• Open-ended Lines – these lines are hoses or pipes that are open to the surrounding environment

All the stated components can cause the release of these harmful gases in one way or another. For example, the leaks from valves often take place when there is a failure in valve O-ring or packing.

 

Control of Equipment Leaks

The curbing of the emission of these VHAPs due to leaking equipment can be done through the implementation of the LDAR tags or by customizing/changing leaking machines with ‘Leakless’ components. Usually, leaks caused by compressors, open-ended lines, and sampling connections can be tackled by just customizing the machine or component. Also, the use of valve tags, stream trap tags, sealless pumps, and leakless valves can minimize or completely put an end to leaks in industrial equipment or machinery.

 

Benefits of an LDAR Program

The EPA estimated about 63% of the emission of VHAPs from leaking equipment could be reduced by implementing the LDAR program. According to the EPA, chemical manufacturing industries could control the emission of VOCs up to 56% by employing the use of LDRA programs. Here are five benefits of implementing an LDAR program:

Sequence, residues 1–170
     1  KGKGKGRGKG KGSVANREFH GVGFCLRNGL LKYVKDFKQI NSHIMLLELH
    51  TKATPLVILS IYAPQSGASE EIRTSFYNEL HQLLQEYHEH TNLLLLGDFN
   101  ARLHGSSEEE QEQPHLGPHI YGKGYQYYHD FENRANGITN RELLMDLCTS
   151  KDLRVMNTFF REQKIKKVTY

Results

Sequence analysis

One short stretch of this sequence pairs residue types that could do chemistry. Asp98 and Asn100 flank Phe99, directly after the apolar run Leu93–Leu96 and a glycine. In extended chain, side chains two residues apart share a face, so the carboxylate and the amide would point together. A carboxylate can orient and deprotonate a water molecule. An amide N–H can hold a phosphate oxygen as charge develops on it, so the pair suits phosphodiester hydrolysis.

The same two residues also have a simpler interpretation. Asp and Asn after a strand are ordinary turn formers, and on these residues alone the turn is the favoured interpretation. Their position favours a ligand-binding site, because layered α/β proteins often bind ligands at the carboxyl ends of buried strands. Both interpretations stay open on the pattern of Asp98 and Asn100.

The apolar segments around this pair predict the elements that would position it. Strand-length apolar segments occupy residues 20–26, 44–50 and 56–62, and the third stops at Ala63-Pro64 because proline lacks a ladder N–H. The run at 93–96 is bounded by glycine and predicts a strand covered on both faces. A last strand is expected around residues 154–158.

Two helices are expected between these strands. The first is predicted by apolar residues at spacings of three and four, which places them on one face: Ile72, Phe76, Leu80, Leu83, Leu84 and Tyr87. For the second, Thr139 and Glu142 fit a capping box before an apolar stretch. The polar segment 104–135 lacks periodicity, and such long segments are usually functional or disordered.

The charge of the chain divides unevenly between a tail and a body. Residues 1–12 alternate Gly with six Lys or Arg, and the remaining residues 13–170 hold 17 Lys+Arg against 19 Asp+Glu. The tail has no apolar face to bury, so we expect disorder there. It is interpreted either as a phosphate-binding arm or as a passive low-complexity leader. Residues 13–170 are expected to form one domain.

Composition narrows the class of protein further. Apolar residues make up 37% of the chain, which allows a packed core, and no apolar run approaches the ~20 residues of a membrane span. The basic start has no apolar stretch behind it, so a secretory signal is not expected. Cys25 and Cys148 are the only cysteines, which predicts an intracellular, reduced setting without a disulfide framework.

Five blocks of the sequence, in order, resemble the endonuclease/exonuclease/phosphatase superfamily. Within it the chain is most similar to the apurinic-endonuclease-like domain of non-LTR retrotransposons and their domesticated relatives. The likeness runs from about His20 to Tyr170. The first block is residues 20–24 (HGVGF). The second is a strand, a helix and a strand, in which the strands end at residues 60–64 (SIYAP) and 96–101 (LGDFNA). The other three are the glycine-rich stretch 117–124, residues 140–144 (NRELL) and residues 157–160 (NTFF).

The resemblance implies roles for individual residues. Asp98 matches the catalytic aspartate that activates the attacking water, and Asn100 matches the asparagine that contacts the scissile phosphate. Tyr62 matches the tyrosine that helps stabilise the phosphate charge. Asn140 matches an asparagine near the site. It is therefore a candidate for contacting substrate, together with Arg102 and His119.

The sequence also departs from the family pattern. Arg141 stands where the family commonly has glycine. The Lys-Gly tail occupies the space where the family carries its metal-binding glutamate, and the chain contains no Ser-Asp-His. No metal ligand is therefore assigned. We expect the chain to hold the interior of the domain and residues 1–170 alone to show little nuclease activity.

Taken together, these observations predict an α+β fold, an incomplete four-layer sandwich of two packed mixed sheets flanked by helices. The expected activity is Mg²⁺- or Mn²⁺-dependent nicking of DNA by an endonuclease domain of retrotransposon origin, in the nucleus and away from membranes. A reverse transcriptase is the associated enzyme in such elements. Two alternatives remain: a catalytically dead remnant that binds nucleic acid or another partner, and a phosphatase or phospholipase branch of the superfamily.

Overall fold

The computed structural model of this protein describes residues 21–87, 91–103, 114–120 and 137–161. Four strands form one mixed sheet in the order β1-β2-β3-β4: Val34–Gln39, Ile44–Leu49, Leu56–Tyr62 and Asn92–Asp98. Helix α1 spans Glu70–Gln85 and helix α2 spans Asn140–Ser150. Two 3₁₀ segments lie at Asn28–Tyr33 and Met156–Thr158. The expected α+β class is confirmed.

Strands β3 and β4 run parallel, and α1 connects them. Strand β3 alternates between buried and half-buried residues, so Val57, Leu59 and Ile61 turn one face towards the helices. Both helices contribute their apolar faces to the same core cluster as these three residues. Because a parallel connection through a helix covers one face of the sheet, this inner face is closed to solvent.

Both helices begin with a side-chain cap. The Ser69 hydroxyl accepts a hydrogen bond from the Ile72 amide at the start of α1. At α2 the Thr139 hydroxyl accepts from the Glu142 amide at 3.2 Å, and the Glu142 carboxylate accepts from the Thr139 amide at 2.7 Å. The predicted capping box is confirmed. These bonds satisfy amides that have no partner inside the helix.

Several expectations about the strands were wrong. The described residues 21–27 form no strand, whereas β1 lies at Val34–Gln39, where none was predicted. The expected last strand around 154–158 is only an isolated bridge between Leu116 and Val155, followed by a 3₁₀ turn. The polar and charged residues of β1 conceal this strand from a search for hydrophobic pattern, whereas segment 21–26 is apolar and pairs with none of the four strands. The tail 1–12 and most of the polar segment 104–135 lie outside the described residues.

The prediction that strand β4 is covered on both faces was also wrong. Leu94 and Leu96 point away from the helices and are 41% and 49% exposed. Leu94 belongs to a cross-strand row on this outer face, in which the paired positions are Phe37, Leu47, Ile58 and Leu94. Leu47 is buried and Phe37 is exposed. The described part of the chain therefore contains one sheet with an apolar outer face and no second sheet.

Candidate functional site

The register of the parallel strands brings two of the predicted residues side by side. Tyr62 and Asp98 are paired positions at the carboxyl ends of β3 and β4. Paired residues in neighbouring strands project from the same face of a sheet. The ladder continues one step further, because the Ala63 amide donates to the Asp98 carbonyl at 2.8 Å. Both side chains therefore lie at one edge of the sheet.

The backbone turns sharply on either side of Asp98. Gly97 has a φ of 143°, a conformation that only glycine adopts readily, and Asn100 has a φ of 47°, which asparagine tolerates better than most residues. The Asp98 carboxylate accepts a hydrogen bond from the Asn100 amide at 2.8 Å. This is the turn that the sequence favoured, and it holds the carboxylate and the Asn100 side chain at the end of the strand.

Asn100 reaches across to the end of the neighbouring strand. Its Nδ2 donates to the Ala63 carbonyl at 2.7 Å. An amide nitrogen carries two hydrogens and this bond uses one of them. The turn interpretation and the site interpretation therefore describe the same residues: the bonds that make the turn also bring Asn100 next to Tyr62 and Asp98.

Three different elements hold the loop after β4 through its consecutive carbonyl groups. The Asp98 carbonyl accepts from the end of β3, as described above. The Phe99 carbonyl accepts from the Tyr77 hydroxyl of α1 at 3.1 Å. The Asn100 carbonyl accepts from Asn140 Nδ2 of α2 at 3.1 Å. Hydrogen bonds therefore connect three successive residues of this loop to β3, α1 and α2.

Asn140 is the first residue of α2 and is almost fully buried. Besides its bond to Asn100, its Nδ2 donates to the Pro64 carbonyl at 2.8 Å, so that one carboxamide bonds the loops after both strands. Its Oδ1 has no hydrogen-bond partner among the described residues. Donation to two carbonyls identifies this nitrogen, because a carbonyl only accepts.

• Minimization of product losses in chemical manufacturing and petroleum refining industry
  • Maximized safety of workers and operators in facilities
  • Reduction in the exposure to hazardous gases for the neighbouring community and employees
  • Potential reduction in emission fees of the facility
  • Lessens the need for setting Compliance and Enforcement National Properties for harmful air

 

Essential LDAR Planning Steps / Elements